As part of the podiatry discipline at La Trobe University, I proudly acknowledge the Traditional Custodians and rightful owners of the Country where university campuses are located in Victoria and pay my respects to Elders past and present. I recognise that First Nations Peoples have an ongoing connection to these unceded sovereign lands, waterways and skies. I value Aboriginal and Torres Strait Islander contribution to both the University and wider Australian society, as well as Aboriginal and Torres Strait Islander continuing ways of knowing, being and doing.
I acknowledge the importance of foot health in ongoing First Nations cultural traditions and Community obligations. I recognise the importance of foot health in walking on and connecting to Country, to teaching and to storytelling. I understand it is central to the emotional expression of dance and ceremony, and that foot health is required in movement translating political messages and raising awareness of Aboriginal and Torres Strait Islander issues. I privilege the ongoing teachings from Ancestors, Elders and Community, and aspire health outcome equity across Country
Staff and students from the discipline of podiatry here at La Trobe University were lucky enough to recently be invited to attend a culturally safe podiatry clinic on Wiradjuri Country operated with and for First Nations Peoples, by the University of Newcastle and the Wellington Local Aboriginal Land Council.
This was not an exercise in cultural tourism. This was not a trip to learn ‘of and about’ First Nations culture, no, far from it. This was an opportunity to learn with and from the experts in Aboriginal and Torres Strait Islander health, Aboriginal and Torres Strait Islander Peoples themselves, to privilege their worldviews, and to develop our cultural safety.
If you are unsure what cultural safety is, have a look here at the National Scheme’s Aboriginal and Torres Strait Islander Health and Cultural Safety Strategy 2020-2025. Cultural safety is all about providing health care in this country that is free from racism, and that is judged to be safe to approach and use by Aboriginal and Torres Strait Islander Peoples.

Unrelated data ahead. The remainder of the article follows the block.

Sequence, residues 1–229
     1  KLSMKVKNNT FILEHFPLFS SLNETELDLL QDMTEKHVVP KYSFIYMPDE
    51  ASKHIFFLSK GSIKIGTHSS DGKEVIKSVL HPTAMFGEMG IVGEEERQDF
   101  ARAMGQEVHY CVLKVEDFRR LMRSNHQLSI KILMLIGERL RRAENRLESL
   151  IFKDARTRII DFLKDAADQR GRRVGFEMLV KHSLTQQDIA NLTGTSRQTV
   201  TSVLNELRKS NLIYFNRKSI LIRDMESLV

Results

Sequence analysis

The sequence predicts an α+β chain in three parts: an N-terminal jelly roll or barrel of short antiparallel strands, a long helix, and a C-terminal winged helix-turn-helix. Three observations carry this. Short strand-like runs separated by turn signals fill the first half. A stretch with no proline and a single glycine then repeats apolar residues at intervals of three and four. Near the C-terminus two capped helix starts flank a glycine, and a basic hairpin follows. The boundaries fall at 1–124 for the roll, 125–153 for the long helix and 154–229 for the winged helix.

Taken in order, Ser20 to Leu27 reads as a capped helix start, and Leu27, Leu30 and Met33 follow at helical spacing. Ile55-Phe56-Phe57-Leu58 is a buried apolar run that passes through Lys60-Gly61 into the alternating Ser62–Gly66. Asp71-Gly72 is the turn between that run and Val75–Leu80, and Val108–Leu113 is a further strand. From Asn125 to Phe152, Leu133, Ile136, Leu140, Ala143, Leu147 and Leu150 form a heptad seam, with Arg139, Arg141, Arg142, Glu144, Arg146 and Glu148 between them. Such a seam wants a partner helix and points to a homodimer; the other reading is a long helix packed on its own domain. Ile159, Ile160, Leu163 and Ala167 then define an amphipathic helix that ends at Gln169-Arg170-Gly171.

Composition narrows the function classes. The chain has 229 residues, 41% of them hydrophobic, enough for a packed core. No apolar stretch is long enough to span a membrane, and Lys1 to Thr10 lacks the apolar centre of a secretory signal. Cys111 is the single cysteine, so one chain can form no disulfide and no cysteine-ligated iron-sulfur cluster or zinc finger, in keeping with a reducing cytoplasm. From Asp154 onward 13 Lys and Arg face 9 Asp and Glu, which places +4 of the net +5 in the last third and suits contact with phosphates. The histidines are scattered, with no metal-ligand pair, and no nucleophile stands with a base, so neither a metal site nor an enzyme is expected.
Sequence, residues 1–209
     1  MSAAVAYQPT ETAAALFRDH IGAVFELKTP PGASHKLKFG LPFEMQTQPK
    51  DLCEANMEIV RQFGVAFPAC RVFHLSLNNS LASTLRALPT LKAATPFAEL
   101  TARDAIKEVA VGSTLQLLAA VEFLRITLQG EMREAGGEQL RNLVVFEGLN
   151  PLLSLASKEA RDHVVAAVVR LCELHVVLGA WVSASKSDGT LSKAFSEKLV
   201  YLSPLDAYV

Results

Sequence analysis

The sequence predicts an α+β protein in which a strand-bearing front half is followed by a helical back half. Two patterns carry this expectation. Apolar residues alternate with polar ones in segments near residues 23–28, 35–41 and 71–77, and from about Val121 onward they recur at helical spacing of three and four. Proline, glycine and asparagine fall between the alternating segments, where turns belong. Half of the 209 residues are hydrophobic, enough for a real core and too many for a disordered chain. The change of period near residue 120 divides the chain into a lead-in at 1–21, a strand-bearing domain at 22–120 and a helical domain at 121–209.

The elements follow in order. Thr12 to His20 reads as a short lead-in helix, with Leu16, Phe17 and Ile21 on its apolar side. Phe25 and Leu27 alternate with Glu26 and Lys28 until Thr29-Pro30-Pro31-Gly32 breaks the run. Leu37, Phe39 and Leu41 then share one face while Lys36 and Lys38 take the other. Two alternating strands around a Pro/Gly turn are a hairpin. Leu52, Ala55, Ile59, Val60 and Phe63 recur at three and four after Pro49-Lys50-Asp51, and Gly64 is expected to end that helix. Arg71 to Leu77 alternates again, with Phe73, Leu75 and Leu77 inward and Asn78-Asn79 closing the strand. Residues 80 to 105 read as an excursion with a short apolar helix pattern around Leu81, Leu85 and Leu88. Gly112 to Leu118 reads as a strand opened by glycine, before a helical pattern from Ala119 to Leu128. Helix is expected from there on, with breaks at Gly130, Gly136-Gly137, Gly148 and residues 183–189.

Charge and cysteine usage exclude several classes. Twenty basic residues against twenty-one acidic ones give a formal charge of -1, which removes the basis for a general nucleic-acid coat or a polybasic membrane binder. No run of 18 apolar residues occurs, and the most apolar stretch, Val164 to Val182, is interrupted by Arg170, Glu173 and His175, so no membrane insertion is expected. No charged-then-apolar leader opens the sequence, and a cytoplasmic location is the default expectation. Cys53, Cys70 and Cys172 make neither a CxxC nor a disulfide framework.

Developing cultural safety is a fundamental skill of a podiatrist and removing racism from our care giving is essential to health outcome equity. We were invited onto Wiradjuri Country by local Community and Elders with University of Newcastle staff and students to;
- reflect upon who we are,
- learn truthful Australian history,
- acknowledge our white privilege,
- check our unconscious biases,
- and better understand racism in this country.
If you have a read of the wonderful IndigenousX article by Luke Pearson and Mick O’Loughlin from earlier in the year, you’ll see that racism ‘is not about whether you are a nice person or not, it is about whether you have the skills required to do your job and to influence individual and systemic change.’ We went onto Wiradjuri Country to improve our skills, to listen to First Nations voices and to privilege First Nations ways of knowing, being and doing.
We yarned, we listened to the storytelling, we heard Truth-telling, and we progressed that little bit further along our life-long cultural safety journey. We became more than aware of cultural difference, we became sensitive to it and legitimised it, and we embedded learnings within ourselves and into our podiatry. By working in a culturally safer manner we were giving back to Community through safer service, positive healthcare experiences, and improved health outcomes in terms of better foot health. As podiatrists, we can contribute to healthcare equity in this Country. So why don’t you consider a career in podiatry? Especially if you are an Aboriginal or Torres Strait Islander student.
The La Trobe University podiatry discipline is decolonising curriculum to support health outcome equity, and to support First Nations students undertaking our program. We aim to:
- Create a culturally safe learning environment for all students
- Produce culturally safer graduates who have the capacity to address health inequity
- Make our profession safe to approach and use for First Nations Peoples
- Welcome, respect and privilege Aboriginal and Torres Strait Islander students
- Graduate First Nations podiatrists in recognition that a strong First Nations health workforce is key to improved health care experiences and outcomes
We realise that to promote diversity, inclusion, and equity for First Nations podiatry students, we need to support cohorts with an approach involving a decolonised curriculum, skilled teaching staff, and anti-racist mindset and actions.
Podiatry is a fantastic career, and the podiatry discipline want to lead the decolonised space at La Trobe University. We will seek out experts in this field to teach us in this pursuit, and in doing so, we thoroughly thank Matt West, Professor Viv Chuter, and Ben Peterson from the University of Newcastle, and Uncle Barry and the staff at the Wellington Local Aboriginal Land Council, for all their time, patience, knowledge, care and teaching. We cannot wait to see you all again….. on Country.